Conflict has arisen among members of the Groveport Madison Board of Education stemming from a disagreement over whether newly elected board member Steven Slyh can take his seat on the board before January.
Slyh alleges that board members Dr. Naomi Sealey, John Kershner, and June Gibbs instructed interim district treasurer Steve Huzicko to refuse to immediately administer him the oath of office.
"I should be sworn in immediately," said Slyh in a Dec. 4 telephone interview. "I’m a duly elected official."
On Nov. 6, Slyh ran unopposed and was elected to fulfill the unexpired term of Patti Froehlich, who resigned June 15. Duane Dailey was appointed to take Froehlich’s place, but he would have had to run in the Nov. 6 election to retain the unexpired seat. Dailey decided to run for a four year term in his own right – and lost – instead of trying to be elected to fulfill the final two years of Froehlich’s term, which runs to Dec. 31, 2009.
According to information provided to the Southeast Messenger by the Franklin County Board of Elections on Dec. 4, the Nov. 6 votes have been certified and Slyh is now eligible to immediately take his seat on the board and replace Dailey.
In a letter to Slyh dated Dec. 5, Barcy McNeal, of petitions and financial filings for the Franklin County Board of Elections, wrote, "Candidates who are elected to unexpired terms may take office as soon as the election is certified, which it was on Nov. 27, 2007. The certificate you have received from the Franklin County Board of Elections certifies that you have been elected to fill the unexpired term ending Dec. 31, 2009, as a member of the board of education of the Groveport Madison School District."
Slyh stated Huzicko cited a section in the Ohio Revised Code that states new board members can take their seats in January following the election. Based on this, he refused to swear Slyh in before Jan. 1, 2008.
Slyh, noting the Franklin County Board of Elections’ statement, maintained he must be sworn in now. He said he believes Huzicko is basing his decision on a portion of the Ohio Revised Code that deals with officials newly elected to full four year terms, not unexpired terms as in his case.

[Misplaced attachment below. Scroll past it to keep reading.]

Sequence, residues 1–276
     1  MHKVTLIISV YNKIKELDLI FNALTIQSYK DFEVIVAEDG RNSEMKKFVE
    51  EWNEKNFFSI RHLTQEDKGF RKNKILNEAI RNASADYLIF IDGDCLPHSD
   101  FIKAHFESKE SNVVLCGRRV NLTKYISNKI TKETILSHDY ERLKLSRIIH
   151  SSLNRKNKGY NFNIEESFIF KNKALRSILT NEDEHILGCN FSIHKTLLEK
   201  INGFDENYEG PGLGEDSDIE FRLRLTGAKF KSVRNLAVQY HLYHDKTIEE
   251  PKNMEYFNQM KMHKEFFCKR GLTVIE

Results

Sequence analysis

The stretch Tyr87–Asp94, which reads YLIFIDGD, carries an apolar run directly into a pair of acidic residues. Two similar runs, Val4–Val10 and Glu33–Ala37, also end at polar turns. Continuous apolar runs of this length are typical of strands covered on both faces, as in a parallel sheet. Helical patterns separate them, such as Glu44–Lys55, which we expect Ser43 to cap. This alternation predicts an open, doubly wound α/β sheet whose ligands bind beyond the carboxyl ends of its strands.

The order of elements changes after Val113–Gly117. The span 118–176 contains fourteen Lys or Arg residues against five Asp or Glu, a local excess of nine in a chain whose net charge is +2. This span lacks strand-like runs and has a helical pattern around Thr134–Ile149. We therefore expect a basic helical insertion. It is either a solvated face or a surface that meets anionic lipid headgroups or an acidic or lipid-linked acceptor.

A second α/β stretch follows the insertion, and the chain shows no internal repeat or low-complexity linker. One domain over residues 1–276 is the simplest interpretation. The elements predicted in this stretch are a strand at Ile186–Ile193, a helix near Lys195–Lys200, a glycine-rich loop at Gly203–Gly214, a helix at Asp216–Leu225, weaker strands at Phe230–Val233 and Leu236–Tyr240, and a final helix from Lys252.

The district’s legal review
In a telephone interview Dec. 5, Sealey stated that she and Gibbs, but not Kershner, sought input from the school district’s attorney, Jim Burnes of Bricker & Eckler, about Slyh taking his seat on the board immediately.
Burnes stated in an e-mail to the board, "…we have completed our research and have concluded that Ohio law specifically provides that the term of office for an individual elected to fill an unexpired term of office on a board of education, as well as any other newly elected board members, begins on Jan. 1 following the election, according to Ohio Revised Code Sections 3313.09, 3313.11. Because Ohio law requires a board of education to conduct its organizational meeting in January, typically as a practical matter the first meeting at which a new board member functions in his/her capacity as a member of the board is the organizational meeting…We discussed our conclusion with Assistant Franklin County Prosecutor, attorney Patrick J. Piccininni, who is assigned to represent the Franklin County Board of Elections, and he concurred in our analysis and conclusion…Piccininni stated that, pursuant to the provisions of law, the individual’s term of office as a member of the board of education does not begin until Jan. 1 following the election. This is consistent with our reading of the law."